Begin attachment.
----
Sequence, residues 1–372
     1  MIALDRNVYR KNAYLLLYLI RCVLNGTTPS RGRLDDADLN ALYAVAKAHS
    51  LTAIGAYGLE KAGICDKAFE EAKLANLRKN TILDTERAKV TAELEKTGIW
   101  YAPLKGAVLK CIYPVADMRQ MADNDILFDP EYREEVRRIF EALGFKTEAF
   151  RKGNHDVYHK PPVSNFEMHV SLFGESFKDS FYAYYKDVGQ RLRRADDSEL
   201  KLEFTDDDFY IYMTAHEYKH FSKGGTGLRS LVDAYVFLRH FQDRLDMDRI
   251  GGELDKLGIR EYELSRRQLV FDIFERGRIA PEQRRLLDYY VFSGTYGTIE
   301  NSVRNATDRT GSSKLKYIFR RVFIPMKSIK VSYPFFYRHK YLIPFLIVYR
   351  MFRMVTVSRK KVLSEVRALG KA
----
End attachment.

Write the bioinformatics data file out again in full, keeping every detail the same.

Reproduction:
Sequence, residues 1–372
     1  MIALDRNVYR KNAYLLLYLI RCVLNGTTPS RGRLDDADLN ALYAVAKAHS
    51  LTAIGAYGLE KAGICDKAFE EAKLANLRKN TILDTERAKV TAELEKTGIW
   101  YAPLKGAVLK CIYPVADMRQ MADNDILFDP EYREEVRRIF EALGFKTEAF
   151  RKGNHDVYHK PPVSNFEMHV SLFGESFKDS FYAYYKDVGQ RLRRADDSEL
   201  KLEFTDDDFY IYMTAHEYKH FSKGGTGLRS LVDAYVFLRH FQDRLDMDRI
   251  GGELDKLGIR EYELSRRQLV FDIFERGRIA PEQRRLLDYY VFSGTYGTIE
   301  NSVRNATDRT GSSKLKYIFR RVFIPMKSIK VSYPFFYRHK YLIPFLIVYR
   351  MFRMVTVSRK KVLSEVRALG KA